CIO Perspective: Creating Community On Campus At St. Jude
By Allison Proffitt
August 15, 2018 | “Your tools are good, but they’re too complicated for other people to install,” Jinghui Zhang was told by a Nature Methods reviewer. For the chair of Computational Biology at St. Jude Children’s Research Hospital, that was unacceptable.
“As a rebuttal to the Nature Methods editor, I said, ‘I’ll make a cloud version,’” Zhang told Bio-IT World last month during a tour of the St. Jude hospital and labs. “So we go down to AWS cloud and make one of our first tools for copy number analysis called CONSERTING on the cloud.”
It was Zhang’s introduction to hosting tools on the cloud. It was also the conversation, she says, that planted the seeds that would become St. Jude Cloud.
The St. Jude computational biology team was already committed to sharing its data, using the European Genome-phenome Archive (EGA) to disseminate its quickly-growing database of tumor-normal pairs, whole genome and whole exome data, and phenotypes. But it was an awkward process, requiring a fair amount of effort from members of Zhang’s team who were helping outside researchers track down and retrieve corrupted data.
Zhang and her team began to imagine what a better cloud might look like.
“What we want to do is not just provide data that’s easier to download. We want to do more. We want to enable people who have tools to apply them directly on data,” Zhang explained. “We want to make full use of the cloud rather than providing a portal for better data download. To enable that, we have to do it ourselves instead of just uploading data to another cloud platform.”
This is the part of the story when CompBio often finds itself at odds with IT, and Keith Perry, St. Jude’s Chief Information Officer, freely admits that the cloud conversations Zhang was having typically intimidate IT.
“That [conversation] has historically called us to move away and just focus on boxes and wires,” Perry told me when I visited St. Jude last month. “But what I’m seeing in the industry is, there’s so much value in partnership.” At St. Jude, Zhang and Perry worked together to move St. Jude data and tools to the cloud, and Perry says the partnership between IT and science was crucially important.
“This St. Jude Cloud concept was really a partnership between CompBio and [Information Services],” Perry said. “It’s a recognition that I’m not a scientist, I’m a computer scientist. So I saw things a little bit differently than Jinghui did. What I’d see is just this wild, wild west of software development and moving data around. It was like, stop guys. There’s got to be a better way. Let’s think about community. Let’s think about the cloud. And let’s think about how we can do this a better way to speed discovery.”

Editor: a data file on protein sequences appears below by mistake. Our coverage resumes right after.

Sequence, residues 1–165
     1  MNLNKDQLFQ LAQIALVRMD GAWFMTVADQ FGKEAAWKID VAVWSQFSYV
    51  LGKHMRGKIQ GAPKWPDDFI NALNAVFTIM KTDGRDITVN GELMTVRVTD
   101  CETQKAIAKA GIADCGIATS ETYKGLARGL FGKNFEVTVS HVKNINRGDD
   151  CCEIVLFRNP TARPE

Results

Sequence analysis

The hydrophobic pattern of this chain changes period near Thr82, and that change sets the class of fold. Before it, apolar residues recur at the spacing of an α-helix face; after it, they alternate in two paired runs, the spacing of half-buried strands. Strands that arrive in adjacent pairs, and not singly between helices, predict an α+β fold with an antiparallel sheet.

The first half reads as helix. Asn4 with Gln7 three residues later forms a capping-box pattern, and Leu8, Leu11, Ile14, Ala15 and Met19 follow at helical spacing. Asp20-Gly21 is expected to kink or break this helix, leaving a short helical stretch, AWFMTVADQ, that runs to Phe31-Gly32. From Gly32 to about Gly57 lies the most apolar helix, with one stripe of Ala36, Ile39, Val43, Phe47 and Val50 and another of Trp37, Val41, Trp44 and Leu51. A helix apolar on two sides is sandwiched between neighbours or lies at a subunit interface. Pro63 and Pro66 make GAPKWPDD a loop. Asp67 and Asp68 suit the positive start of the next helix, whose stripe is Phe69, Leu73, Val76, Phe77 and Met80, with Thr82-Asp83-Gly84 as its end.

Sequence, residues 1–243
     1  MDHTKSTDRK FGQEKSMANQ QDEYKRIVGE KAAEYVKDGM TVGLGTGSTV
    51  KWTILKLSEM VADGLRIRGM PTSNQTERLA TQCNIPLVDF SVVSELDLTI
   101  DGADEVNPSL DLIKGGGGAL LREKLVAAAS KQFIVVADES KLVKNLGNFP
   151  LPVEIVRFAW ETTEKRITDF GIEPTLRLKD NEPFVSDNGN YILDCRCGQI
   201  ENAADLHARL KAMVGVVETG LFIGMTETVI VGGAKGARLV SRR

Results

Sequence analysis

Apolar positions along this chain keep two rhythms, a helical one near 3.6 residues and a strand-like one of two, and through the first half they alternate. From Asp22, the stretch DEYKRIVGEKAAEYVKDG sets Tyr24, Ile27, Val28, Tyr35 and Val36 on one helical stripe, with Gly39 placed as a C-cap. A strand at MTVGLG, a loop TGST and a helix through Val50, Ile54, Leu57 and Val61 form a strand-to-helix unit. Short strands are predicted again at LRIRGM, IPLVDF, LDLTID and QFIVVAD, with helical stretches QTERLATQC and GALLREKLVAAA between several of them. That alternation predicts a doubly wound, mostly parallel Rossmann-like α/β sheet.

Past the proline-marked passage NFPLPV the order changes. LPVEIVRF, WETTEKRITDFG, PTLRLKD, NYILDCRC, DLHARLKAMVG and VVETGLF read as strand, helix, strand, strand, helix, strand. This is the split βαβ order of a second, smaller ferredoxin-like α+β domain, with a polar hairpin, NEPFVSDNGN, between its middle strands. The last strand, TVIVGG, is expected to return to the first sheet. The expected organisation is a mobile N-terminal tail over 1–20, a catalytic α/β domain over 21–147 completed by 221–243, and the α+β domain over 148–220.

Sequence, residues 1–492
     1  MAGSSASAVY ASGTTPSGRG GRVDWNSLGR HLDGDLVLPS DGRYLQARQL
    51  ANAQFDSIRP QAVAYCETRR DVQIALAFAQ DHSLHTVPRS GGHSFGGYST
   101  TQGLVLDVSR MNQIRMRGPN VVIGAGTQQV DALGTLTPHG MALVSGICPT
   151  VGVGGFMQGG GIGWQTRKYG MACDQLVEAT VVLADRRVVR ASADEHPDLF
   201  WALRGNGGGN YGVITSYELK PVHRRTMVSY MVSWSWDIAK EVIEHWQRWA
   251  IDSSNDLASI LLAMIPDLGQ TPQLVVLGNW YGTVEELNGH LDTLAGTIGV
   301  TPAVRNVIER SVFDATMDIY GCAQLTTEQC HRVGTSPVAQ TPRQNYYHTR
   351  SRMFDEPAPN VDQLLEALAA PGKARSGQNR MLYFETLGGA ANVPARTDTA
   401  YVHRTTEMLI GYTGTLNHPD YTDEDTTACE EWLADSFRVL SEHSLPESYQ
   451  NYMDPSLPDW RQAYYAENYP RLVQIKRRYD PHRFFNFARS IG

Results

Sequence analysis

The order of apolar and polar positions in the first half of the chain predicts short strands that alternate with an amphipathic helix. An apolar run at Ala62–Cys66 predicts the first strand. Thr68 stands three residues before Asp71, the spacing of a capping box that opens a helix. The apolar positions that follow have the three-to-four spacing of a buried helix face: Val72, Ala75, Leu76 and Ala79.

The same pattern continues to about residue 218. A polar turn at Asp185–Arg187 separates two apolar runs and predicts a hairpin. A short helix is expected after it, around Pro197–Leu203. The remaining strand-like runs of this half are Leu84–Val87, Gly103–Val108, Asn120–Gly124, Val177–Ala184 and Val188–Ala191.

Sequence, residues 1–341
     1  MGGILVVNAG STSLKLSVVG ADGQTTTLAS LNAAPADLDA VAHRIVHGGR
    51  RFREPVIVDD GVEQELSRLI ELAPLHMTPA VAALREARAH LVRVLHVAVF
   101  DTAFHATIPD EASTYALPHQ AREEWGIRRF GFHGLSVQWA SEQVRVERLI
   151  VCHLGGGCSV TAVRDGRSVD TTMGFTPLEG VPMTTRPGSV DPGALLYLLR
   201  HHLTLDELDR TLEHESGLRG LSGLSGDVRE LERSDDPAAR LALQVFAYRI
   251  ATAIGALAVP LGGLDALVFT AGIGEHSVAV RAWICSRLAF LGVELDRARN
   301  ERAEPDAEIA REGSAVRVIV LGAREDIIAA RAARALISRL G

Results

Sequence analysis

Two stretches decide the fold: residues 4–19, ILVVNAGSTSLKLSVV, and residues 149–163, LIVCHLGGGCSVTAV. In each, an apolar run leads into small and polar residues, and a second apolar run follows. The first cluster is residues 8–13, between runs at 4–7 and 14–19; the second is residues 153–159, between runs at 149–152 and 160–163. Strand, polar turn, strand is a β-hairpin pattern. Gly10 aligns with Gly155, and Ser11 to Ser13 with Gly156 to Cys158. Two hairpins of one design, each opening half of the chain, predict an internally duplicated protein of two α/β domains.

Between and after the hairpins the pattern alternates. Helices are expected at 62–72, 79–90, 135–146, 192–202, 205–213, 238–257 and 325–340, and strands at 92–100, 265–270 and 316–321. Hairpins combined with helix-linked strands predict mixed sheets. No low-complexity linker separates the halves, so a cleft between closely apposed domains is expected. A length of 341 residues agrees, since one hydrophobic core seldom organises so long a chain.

Together, Zhang and Perry and other members of the team began relationships with Microsoft and DNAnexus to build the St. Jude Cloud. Microsoft, Perry said, had a security model they felt “very comfortable with” after initial validation and testing, and continued penetration tests. “And they bought into the mission,” he recalled. “They just jumped right in. ‘Look, this is a community resource, and if the goal is to get this data to the community, then we’re all in!’”
With speeding discovery at the heart of the project, Zhang insisted that users of the St. Jude Cloud be able to do data analysis within the cloud environment. Users shouldn’t have to download data just to explore it. “Some of the simple questions,” Zhang begins, then catches herself: “not simple! sophisticated questions!... we feel shouldn’t even require data download. It should be easy for people to go to the cloud and look at the data themselves using the tools—new tools or our tools or other people’s tools.”
For Perry, the user community is as much within St. Jude as without, and he’s excited about how the St. Jude Cloud enables internal users to better interact with the institution’s data.
“The St. Jude Cloud was not developed for Jinghui and her team. She does that [type of analysis] in her sleep! There are things on there that she doesn’t care about. But the whole idea is, let’s get this out to the community. The goal is to democratize who can get access to the data we’re really producing and sitting on top of.”
The St. Jude Cloud is also a prime example of Perry’s goal of moving IT out of a “back office” and into a more strategic, service-oriented role. “It’s really pushing us to seek to understand and partner with people and help them solve their problems… as opposed to just sitting there and waiting for somebody to call.”
At St. Jude, that’s become a broad mandate: everything from working on the St. Jude Cloud, to developing an app for St. Jude’s 4,600 staff to help them know which food trucks are on campus today (which covers about 3.3 million sq ft). Perry is also focusing on concierge services for St. Jude patients—about 7,500 annually—and their families, exploring ways that mobile apps can help with everything from parking on campus to finding the right interpreters.
And the possibilities are vast.
“Within just the St. Jude community here, I see IT playing a much larger role in how do we do things,” Perry said, “how we deliver value to our patients and their families and even our employees.”